Hi! I'm trying to figure out how to join two planks together at an angle. Basically it's a piece of a jig. It's somewhat hard to describe the end result so I've drawn a sketch. The joined part will bear stress from a moderate load, let's say about 5-7 lbs of weight. So what kind of joint should it be? I guess either a butt joint of some sort or a finger joint. Thanks for help!
IMO...Solid wood is most defiantly the way to go.
I would stay away from plywood for this joint union. The cross graining of ply is too weak for "scarf joints" which this would be...since a "butt joint" is the most simplistic "scarf joint" form. If you go with something thicker than 1", like even 1.5" it would become much stronger, as you will have more "meat" to work with giving you a much stronger joint.
There are a number of scarf joints that would work here well. The "Finger splice" (already offered) would render a very strong joint, yet can be a bit of a challenge to cut in such a 150° angle configuration. Some of the simpler "Splayed Scarf" joint would also work as well, and a "Pegged Scarf" with doweling (~3/8" dowel?) may well be more than you need if well glued to meet your 7 lb strength range of load capacity.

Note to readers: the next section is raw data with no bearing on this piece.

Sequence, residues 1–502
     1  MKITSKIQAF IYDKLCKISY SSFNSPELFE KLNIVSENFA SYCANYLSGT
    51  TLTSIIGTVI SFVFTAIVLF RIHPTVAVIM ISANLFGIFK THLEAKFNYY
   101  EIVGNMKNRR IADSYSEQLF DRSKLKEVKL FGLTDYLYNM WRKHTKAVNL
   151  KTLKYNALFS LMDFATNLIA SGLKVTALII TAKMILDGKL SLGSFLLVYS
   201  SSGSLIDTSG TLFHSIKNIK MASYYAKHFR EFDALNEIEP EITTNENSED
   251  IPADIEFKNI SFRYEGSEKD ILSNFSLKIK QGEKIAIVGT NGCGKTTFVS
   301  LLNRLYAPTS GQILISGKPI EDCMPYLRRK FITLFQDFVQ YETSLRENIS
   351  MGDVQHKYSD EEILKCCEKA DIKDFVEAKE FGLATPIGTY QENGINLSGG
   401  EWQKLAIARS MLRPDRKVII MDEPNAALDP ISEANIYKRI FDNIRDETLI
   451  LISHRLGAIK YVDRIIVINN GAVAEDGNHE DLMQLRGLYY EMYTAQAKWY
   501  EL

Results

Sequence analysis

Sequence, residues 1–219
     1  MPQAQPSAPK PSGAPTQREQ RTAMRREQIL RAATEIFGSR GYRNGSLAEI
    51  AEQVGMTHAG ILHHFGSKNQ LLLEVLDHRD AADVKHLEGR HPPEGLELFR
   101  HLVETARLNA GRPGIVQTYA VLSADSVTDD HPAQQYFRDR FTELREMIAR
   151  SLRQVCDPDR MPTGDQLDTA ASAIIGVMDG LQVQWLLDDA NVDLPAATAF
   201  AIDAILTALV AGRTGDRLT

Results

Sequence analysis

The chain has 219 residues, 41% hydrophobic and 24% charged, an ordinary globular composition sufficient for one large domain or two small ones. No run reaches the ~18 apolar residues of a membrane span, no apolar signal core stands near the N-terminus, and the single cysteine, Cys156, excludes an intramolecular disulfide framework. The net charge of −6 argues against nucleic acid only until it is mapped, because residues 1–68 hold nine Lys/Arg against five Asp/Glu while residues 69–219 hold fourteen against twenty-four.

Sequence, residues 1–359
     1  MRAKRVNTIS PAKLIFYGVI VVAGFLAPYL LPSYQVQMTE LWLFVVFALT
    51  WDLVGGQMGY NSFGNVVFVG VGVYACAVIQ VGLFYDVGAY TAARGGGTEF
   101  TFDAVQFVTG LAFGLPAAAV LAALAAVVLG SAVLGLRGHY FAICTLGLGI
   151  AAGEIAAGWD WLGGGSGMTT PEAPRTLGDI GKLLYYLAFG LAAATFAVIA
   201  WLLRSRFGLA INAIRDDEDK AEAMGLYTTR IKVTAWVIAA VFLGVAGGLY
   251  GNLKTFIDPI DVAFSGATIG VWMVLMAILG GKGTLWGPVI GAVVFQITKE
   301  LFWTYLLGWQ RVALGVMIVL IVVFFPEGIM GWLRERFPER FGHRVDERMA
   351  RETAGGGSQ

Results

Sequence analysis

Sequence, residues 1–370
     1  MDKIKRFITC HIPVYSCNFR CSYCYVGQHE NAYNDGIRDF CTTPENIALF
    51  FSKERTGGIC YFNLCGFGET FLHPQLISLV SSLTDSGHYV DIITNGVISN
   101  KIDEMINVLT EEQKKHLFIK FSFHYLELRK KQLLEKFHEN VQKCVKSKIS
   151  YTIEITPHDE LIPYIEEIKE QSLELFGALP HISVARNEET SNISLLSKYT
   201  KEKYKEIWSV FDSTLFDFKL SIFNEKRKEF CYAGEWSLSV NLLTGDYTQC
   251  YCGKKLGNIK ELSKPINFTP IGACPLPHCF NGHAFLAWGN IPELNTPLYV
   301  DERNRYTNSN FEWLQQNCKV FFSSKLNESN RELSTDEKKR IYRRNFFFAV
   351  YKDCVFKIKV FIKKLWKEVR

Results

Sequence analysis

This is a really easy scarf to cut actually, and I have used it in everything from "thread grafting" in Penzai, to "down and dirty" fast splicing for just such applications as yours.
First, just create the geometry you want. Glue it up well and let set overnight!! Then simply drill by eye so that you get into the foundation piece at least 2" in. The angle of this drilled hole is not critical...straight "by eye" is level enough. Then simply glue and drive in your dowel/trunnel let set again overnight and trim off the dowel.
P.S. The next simplest is a "scissor" or "strokes bill" scarf...If the dowel method is not appealing...We use these all the time as well for full structural unions in rafters and major beams...